Testing the Chronometric Accuracy of Stellar Evolution Models Using Young Stars in Open Clusters
Cargile, Phillip Andrew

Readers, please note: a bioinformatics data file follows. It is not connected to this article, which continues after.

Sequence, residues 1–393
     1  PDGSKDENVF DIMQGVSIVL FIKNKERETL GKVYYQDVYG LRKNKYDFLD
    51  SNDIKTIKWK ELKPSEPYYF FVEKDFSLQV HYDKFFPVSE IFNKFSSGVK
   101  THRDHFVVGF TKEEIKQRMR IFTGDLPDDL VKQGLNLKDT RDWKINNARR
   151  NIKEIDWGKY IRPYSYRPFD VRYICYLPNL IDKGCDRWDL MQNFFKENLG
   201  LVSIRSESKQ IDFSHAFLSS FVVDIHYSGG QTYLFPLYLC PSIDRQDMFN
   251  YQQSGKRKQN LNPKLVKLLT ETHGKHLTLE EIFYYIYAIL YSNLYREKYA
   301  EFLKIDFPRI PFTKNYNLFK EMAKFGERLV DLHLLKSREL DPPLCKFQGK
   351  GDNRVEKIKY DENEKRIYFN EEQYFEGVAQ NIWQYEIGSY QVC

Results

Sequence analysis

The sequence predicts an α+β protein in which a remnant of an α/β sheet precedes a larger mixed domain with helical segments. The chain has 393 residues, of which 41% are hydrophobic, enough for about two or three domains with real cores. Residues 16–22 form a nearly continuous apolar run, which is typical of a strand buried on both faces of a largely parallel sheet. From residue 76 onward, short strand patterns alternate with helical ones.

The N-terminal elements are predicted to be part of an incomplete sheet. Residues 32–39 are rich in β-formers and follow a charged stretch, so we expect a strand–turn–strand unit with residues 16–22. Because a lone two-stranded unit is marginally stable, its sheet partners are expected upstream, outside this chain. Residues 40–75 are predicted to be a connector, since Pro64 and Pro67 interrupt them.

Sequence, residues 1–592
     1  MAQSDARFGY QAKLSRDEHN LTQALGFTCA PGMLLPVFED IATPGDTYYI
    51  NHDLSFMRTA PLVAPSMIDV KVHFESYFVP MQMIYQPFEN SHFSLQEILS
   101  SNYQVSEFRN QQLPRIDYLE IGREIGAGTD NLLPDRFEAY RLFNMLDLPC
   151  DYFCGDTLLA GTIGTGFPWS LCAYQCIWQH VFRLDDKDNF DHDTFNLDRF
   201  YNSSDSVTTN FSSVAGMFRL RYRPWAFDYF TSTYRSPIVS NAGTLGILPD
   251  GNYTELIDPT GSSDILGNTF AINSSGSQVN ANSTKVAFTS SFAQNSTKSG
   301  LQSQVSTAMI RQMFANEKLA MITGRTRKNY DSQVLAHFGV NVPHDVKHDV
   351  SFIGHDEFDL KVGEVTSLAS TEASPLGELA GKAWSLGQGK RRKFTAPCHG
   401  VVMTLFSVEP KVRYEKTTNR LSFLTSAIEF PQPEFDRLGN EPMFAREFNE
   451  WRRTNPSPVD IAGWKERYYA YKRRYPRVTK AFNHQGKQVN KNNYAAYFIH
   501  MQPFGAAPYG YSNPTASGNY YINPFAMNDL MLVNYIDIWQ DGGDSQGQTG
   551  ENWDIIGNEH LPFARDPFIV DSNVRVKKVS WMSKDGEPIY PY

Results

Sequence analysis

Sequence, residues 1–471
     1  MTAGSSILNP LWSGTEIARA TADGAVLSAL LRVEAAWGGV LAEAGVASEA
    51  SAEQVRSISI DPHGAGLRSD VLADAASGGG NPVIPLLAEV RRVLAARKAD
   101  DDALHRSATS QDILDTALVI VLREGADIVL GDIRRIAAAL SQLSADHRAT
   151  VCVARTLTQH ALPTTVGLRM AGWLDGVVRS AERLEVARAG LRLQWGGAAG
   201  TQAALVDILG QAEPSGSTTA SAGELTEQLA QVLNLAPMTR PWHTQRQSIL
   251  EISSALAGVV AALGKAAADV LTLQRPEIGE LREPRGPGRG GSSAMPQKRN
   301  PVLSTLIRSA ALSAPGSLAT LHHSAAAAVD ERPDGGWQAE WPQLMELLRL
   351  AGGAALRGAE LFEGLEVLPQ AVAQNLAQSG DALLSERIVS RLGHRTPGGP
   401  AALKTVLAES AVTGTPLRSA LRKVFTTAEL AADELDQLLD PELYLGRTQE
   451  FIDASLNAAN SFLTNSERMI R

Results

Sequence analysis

Comparisons between empirical data and theoretical stellar evolutionary models indicate large systematic errors in the stellar ages resulting from different age-dating techniques. Nevertheless, these chronometric tools have been used to determine fundamental timescales in many different branches of astrophysics. The primary scientific goal of this study, resulting from research presented in my thesis, is to perform a disparate range of independent tests of stellar age, using multiple age-dating techniques of stellar samples in order to constrain, and inform future refinement of, the existing theoretical stellar evolutionary models. We describe the results from a extensive study of the PMS eclipsing binary Par1802. Through detailed orbit and light-curve solutions we have identified Par1802 to be composed of two young stars with nearly identical masses of 0.4 M⊙, making this system the first discovered pair of PMS low-mass “identical twins.” Par1802 provides us with a unique opportunity to test the identical astrophysical nature of young equal-mass stars and the accuracy of the various PMS models. We then detail our modeling of empirical H-R diagrams using isochrones from stellar evolutionary models. Employing a new statistical approach to modeling cluster sequences on empirical H-R diagrams, we derive ages and distances of two open clusters, IC4665 and Blanco1, and identify systematic offsets between the best-fit isochrone ages. We also explore age-dating techniques for stars in open clusters based on magnetic activity, including a new analysis of X-ray data for Blanco1. We also include an epilogue that contains additional analysis of rotation and X-ray emission distributions for Blanco1, a comparison of X-ray emission in Blanco1 and IC4665, and provide ideas to quantitatively calibrate magnetic activity and age using open clusters. Finally, we conclude by describing current and future implications of this thesis as we work towards reconciling empirical and model-predicted stellar ages. Namely, summarizing our on-going projects, we provide details into our investigation into the role of convection and radius in predicted stellar ages.
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